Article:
However, the summer does offer a chance. A chance for Kaye to forgive herself, a chance for Chase and Brad to determine a new lifestyle for themselves and a chance for Stacy to come to terms with a unresolved childhood trauma. What's a better setting for such progress than at a family shore house in Dewberry Beach?

The Shore House is a lovely book, filled with everyday realities. Who doesn't recognize friction between a mother or father and a daughter or brother? Or meaningless fights with a spouse, only because you're tired and need sleep? Everyday incidents that make the characters come to live, that makes the reader able to imagine what a family vacation in a shore house might really be like. It is a book about the things in life that are the most important: love, friendship and security. A book that puts an end to the illusion that money or a big career are essential. Follow you heart and your dreams.

In the back of the book a letter by author Heidi Hostetter is attached. In the letter Hostetter tells the reader about her youth in a place similar to Dewberry Beach. Writing The Shore House felt like coming home. That is something that is felt in every detail of the book. For instance, the owner of the store Applegate's, where you can get literally anything you need for your summer vacation, where you even find things you did not know you needed before you went there!

In the same letter Hostetter announces a sequel. Not about the same family, but about another family but once again situated in Dewberry Beach. I am looking forward to it!

Elise Prins-Kleuskens, Department of English Literature


The Burning Chambers - Kate Mosse

When I visited London some time ago I noticed that a new Kate Mosse novel was to be expected later that month. Previously, I had read other books by this British author, among which the Languedoc trilogy: Labyrinth, Sepulchre and Citadel. Historical novels to lose oneself in, romance combined with some tension and excitement!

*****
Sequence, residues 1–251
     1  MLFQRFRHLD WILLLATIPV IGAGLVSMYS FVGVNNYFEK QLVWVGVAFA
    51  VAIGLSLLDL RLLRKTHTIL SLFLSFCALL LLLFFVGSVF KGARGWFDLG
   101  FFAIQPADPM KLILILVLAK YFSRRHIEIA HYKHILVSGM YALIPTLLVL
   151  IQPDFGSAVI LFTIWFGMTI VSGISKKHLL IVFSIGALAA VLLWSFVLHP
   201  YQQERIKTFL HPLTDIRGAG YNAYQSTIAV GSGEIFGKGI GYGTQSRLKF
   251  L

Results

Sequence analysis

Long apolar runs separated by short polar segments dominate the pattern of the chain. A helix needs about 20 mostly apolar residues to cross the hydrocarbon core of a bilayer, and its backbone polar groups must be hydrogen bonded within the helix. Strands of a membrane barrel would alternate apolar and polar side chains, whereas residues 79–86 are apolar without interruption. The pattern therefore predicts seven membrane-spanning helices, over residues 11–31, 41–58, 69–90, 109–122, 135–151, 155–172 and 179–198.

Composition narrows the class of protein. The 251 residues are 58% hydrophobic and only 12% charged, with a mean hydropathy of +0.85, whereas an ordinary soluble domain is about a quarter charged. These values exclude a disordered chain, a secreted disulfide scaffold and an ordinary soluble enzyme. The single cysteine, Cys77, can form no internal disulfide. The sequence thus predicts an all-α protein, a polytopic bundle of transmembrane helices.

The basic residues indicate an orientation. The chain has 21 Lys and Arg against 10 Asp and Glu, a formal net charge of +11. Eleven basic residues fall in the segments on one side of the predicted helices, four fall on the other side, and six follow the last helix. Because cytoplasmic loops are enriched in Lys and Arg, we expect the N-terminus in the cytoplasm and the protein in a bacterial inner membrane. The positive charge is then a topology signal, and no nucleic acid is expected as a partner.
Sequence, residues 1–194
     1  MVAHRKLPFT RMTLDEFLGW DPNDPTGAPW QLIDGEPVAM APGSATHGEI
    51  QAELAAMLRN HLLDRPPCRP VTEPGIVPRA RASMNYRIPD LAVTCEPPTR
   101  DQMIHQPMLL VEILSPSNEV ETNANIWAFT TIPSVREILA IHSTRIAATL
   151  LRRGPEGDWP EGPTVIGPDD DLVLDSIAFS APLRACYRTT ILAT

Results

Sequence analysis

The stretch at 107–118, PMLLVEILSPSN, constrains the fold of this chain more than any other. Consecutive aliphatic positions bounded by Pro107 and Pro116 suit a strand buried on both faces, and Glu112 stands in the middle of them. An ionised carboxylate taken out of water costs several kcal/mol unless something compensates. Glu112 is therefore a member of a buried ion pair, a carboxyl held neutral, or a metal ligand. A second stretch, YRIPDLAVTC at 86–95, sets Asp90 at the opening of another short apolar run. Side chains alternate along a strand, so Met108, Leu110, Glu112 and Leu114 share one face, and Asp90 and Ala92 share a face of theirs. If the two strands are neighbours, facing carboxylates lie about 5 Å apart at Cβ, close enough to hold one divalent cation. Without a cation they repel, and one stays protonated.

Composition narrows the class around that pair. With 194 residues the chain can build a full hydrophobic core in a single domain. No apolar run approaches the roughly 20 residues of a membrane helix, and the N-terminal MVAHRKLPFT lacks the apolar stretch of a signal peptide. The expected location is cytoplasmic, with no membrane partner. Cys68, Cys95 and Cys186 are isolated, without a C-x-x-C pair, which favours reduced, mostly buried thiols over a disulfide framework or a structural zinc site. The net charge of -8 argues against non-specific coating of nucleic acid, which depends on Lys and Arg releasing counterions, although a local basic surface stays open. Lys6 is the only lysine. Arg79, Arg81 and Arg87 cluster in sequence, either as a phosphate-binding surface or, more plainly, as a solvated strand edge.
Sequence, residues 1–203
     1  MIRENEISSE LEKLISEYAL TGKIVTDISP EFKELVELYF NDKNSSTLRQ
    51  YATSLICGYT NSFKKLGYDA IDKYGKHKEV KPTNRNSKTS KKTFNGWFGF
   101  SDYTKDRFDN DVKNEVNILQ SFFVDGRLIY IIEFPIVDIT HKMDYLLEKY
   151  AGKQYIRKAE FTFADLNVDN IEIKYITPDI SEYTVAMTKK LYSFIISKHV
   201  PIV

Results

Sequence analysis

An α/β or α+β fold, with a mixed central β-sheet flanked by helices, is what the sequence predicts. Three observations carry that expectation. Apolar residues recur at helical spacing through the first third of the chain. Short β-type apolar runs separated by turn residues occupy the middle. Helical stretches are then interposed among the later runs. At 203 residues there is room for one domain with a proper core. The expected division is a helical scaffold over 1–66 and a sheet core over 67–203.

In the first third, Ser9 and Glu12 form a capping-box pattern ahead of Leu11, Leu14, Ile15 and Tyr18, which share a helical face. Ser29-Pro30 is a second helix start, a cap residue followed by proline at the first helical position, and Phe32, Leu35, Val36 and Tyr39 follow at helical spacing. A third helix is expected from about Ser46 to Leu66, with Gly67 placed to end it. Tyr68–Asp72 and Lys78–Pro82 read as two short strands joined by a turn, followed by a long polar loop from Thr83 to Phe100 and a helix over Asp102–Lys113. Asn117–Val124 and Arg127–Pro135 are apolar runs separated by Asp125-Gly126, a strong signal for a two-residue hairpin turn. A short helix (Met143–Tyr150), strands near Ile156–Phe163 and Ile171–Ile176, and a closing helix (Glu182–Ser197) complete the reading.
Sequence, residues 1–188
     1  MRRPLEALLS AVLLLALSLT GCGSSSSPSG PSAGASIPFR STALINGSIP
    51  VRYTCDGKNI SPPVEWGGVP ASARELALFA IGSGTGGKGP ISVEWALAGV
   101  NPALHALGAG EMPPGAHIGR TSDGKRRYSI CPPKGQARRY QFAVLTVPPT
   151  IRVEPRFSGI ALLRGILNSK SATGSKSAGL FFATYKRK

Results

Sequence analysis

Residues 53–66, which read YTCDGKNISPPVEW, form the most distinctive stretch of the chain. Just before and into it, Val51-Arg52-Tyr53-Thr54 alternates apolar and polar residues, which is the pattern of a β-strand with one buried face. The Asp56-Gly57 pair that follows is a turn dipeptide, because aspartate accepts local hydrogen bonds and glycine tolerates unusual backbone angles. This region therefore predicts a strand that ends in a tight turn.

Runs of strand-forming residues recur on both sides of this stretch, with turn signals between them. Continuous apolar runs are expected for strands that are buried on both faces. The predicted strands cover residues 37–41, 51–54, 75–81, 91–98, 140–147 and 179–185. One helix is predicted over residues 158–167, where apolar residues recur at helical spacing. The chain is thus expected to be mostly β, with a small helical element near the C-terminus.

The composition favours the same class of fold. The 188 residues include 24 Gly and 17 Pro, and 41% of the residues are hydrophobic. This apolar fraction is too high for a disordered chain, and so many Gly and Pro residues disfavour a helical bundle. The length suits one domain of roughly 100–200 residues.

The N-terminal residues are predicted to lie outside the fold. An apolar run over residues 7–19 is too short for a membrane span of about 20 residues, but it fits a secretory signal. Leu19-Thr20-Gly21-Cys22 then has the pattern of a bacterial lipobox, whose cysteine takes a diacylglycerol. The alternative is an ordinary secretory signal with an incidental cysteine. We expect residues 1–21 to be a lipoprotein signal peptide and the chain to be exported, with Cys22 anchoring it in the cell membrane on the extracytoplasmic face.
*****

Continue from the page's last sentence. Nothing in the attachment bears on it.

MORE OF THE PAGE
The Burning Chambers is set in the same region as the trilogy, the Languedoc, a region in the south of France, at the time of the French Wars of Religion between the Catholics and Huguenots in 1562. In this novel the reader meets 19-year-old Minou Joubert, who runs a bookshop together with her father and takes care of her younger brother and sister. The chaos of the war is not the only thing that disturbs the quiet life of the Joubert family. Blanche, the widow of the late lord of Chateau de Puivert, has heard about the rumor that her husband left behind one living heir, threatening her claim to inherit the castle. Fearing she might lose everything she owns, she sets out to find the will that explains it all, or even beter, the child itself…
This novel introduces the French Wars of Religion, together with an exciting, heroic and romantic quest that is far from over, for do not forget about the prologue of this novel! It is set in the late 19th century in South-Africa. A woman holding a diary and will, attacked from behind by a mysterious man. How does Minou’s story lead to the events in late 19th century South Africa? We’ll probably find out more about this is the next novel that is set to be released in January 2021.

Dit boek is ook vertaald: Tijden van vuur

Elise Kleuskens,
Department of English Literature

The Testaments – Margaret Atwood

Ever wanted to know what happened after the events described in The Handmaid’s Tale? This book is going to answer all of your questions!

The title already gives it away: this story comprises three testaments, one written by an Aunt, one by a girl growing up inside of religious Gilead and one by a girl growing up outside of Gilead. Together they tell a story that is set about 15 years after Offred’s experiences as described in The Handmaid’s Tale. The book mostly provides insight into the role of the Aunts in the rise and fall of Gilead.

It is hard to summarize this book without giving anything away. Is your mind still tormented by questions after reading The Handsmaid’s Tale? Then do read this book! Are you one of those people who have not yet read The Handmaid’s Tale, and think about reading The Testaments? Then I would advise you to read The Handmaid’s Tale first. The information about Gilead is quite necessary to understand The Testaments.

All in all I thought this book a nice read. It’s nice to know what happened after Offred’s flight. However, I, personally, did not necessarily need to know how it all continued. There is nothing wrong with an open ending and the use of your own imagination!